Now we're no longer talking about a coach who left us for greener pastures. We're talking about a man; a man with a family. One of our own. I'm proud of my fellow UW fans. Because the jokes stopped and the celebration ceased. There would be no dancing on his figurative grave, the way my wife's friend had danced on Justice Scalia's.
When we get new information about an event or series of events, we quickly process it. We do this as a continuous sequence from perception, to labeling, and finally, meaning. My gut reaction was sorrow for the man and his family. The petty anger? Gone. Then embarrassment set in. Shame on me for making light of such a serious situation. As I continued piecing together the downward spiral that led to Sark's dismissal, I reflected on what he'd done for the Washington program. I remembered the good. And there was plenty.
Sark inherited that 0-12 team from 2008 and quickly made them respectable. I can't say I always loved Steve the guy. The clichés and his often surly sideline demeanor sometimes rubbed me the wrong way. But he was our coach, and I believe he did care about building character in young men. Most important to Husky fans was that the team was getting better. His last season in 2013, the Dawgs won 9 games - the most since 2000 - and finished ranked #25 in the AP poll. -Edit: (actually not really an edit.. just pointing out that I said "The Dawgs won 9 games" Not "Sark won 9 games"-
More 15 in '15 Story Lines
More 15 in '15 Story Lines
From a pure coaching standpoint, no doubt my favorite thing about Sarkisian was his skill as a playcaller. The way he set up plays to use later in the game. He saw the full four quarters ahead. He saw the full season ahead. He knew the tendencies of his rival coaches. He knew how they would react to formations that had been put on film. He loved to sneak Chris Polk in as a fullback on key short-yardage plays with a decoy tailback behind him. Then just when he knew Jeff Tedford would have that play well-scouted in the 2012 Cal game, a fake to the fullback and the 'obvious' decoy Jermaine Kearse gets the pitch outside for the first down while the entire defense drags down the empty-handed Polk.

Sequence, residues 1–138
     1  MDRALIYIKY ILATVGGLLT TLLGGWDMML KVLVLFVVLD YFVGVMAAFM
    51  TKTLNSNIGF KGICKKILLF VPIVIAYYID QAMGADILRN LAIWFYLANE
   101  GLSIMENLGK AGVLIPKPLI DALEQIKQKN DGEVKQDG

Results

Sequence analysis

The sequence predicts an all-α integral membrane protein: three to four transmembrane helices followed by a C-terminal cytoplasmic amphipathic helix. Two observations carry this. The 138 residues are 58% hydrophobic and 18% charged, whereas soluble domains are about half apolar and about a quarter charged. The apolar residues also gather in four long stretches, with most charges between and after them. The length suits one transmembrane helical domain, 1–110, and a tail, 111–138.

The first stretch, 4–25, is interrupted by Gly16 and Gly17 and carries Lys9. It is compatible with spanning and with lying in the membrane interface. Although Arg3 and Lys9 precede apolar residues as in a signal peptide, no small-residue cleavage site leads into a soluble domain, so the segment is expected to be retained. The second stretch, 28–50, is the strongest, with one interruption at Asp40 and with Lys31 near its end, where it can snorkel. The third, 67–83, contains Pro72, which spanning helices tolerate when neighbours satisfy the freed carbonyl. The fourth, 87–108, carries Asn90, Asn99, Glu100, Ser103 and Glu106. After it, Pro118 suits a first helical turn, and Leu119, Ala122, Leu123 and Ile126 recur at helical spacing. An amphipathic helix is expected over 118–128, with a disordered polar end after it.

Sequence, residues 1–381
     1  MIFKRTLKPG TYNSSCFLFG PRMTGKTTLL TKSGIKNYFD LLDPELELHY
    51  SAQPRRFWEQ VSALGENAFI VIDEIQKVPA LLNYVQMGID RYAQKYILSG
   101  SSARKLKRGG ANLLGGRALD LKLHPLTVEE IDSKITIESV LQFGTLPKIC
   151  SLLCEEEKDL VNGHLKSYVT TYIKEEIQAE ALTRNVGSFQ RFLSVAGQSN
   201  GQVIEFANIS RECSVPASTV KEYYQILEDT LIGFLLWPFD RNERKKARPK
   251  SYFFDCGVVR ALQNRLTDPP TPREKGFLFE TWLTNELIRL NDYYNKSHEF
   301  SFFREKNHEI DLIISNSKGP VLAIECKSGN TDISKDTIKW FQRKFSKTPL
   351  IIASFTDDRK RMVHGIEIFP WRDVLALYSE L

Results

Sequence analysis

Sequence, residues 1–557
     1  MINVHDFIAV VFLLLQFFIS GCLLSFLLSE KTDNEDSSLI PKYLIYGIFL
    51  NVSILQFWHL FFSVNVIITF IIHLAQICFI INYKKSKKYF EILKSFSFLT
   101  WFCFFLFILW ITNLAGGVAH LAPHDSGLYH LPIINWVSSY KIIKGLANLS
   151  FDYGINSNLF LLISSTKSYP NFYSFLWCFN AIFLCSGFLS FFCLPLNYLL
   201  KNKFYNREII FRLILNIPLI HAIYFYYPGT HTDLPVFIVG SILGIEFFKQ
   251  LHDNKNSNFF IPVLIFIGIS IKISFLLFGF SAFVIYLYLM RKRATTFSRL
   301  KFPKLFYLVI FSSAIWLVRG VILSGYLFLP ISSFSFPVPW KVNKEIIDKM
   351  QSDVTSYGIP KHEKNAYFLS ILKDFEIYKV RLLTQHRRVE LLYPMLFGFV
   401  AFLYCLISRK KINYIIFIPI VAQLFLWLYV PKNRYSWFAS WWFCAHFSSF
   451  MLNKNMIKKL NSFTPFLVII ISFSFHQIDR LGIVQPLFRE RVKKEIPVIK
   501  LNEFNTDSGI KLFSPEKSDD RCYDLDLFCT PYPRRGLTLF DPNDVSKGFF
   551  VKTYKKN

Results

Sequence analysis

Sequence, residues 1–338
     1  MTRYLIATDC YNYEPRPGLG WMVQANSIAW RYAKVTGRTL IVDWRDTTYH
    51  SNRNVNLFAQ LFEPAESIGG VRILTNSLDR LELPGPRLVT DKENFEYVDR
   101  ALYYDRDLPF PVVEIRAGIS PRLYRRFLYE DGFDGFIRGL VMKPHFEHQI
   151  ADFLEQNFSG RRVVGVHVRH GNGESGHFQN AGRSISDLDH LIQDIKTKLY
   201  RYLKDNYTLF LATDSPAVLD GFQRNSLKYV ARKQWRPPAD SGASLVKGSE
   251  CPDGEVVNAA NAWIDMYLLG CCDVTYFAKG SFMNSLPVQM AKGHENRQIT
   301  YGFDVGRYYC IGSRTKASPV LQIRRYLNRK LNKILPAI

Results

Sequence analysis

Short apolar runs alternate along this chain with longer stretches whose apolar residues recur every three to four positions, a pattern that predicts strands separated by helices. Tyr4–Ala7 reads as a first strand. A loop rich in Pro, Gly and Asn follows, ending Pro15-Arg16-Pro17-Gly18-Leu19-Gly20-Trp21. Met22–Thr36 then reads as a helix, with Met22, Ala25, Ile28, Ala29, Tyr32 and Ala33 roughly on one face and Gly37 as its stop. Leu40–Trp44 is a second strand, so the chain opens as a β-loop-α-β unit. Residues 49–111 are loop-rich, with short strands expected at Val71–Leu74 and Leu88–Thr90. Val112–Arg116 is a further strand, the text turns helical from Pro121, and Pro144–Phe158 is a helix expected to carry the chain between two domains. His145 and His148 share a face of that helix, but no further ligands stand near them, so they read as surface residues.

Great coach? Yes, I really do think so. Perfect? No. But a great motivator, a solid recruiter, and as passionate a leader as you will find. My 'hate' for him would have slowly subsided once the bitterness faded, but it would have taken a while. But when Steve the man headed for rock bottom, I put that all aside. Husky Nation put that aside. Sarkisian only coached UW for five seasons, but I saw so many comments along the lines of "Once a Husky, always a Husky. Get better Sark."
It seems every fan base thinks they are classy. Yeah, I know...as Huskies, we tease Cougs. We throw shade on Ducks. We boo Bruins and Beavers. We surely would have booed Sark in his first return to Husky Stadium. But now, if he ever makes it back, Husky fans will cheer him. I will, no matter how he left UW, and despite the ugliness of his breakup with USC. Because we sympathize with the man. We may pout and act resentfully, but we love our own, even when they leave. And we have the sense and class to know when things are bigger than sports.
Get better, Coach Sark, and thank you for beginning the rebuild of the Washington football program.
One more thing: Stay classy, Montlake.